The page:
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OHRC files claim against Toronto Police for refusing to memorialize officers who end their lives due to a mental health disability incurred in the line of duty

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January 8, 2016

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On November 11, 2015, the Ontario Human Rights Commission (OHRC) filed its own application with the Human Rights Tribunal of Ontario (HRTO) alleging discrimination in employment based on disability because of the Toronto Police Service’s (TPS) failure to include on its Memorial Wall officers who end their lives as a result of a mental health disability incurred in the line of duty.

In recent years, there has been growing public awareness that the official duties of police officers can lead to serious mental health disabilities including post-traumatic stress disorder (PTSD), and in some cases, death by suicide.

The OHRC’s application asks the Tribunal to direct the TPS to change its practices and include the names of individuals who lose their lives from mental health injuries incurred in the line of duty on the Memorial Wall. This would ensure that they are treated with the same degree of recognition and respect as officers who lose their lives by reason of physical injury in the line of duty. The OHRC is expecting other police services that maintain memorial walls to do the same.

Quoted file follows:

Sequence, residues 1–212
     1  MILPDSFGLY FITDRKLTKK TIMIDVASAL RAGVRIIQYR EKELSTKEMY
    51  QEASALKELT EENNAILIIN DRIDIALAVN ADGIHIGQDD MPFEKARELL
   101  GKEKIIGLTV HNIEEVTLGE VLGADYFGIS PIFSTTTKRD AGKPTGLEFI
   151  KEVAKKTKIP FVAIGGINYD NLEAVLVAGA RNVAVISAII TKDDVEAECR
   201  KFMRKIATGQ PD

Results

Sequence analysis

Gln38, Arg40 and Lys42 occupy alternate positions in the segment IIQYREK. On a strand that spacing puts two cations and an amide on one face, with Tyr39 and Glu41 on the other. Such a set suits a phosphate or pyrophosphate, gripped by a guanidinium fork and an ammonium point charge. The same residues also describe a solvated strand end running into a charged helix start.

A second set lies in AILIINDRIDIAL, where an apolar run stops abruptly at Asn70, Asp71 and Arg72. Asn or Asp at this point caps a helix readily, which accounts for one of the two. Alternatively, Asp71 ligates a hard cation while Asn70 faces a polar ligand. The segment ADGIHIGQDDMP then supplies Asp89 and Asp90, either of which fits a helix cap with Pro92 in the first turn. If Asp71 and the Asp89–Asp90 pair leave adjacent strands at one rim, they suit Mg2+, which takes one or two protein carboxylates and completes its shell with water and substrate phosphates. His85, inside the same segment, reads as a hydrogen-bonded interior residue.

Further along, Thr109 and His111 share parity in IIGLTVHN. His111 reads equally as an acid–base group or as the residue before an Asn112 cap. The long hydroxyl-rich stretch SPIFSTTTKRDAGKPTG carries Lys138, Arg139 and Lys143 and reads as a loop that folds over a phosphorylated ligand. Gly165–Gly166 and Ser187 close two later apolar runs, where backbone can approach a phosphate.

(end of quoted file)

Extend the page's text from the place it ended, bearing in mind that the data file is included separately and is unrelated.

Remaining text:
A more inclusive Memorial Wall would recognize that the challenges of policing can take a toll on mental health, and would signal to current officers coping with mental health issues that they are visible and can seek support without being stigmatized. 

An earlier Human Rights Tribunal of Ontario decision dismissed an application related to inclusion on the Memorial Wall filed by the estate of Staff Sergeant Edward Adamson, in which the OHRC intervened. In that decision the Tribunal found the estate had no standing to start the application. The Tribunal also denied a reconsideration of its decision. Because of this, the OHRC decided to use its power under the Ontario Human Rights Code to initiate an application.  

The OHRC has been engaged for some time with the broader problems of discrimination, a culture of stigma and lack of supports for people with mental health disabilities. In 2012, the OHRC released Minds that Matter: Report on the consultation on human rights, mental health and addictions, followed in 2014 with its Policy on preventing discrimination based on mental health disabilities and addictions.

For more information:

Afroze Edwards
Senior Communications Officer
Ontario Human Rights Commission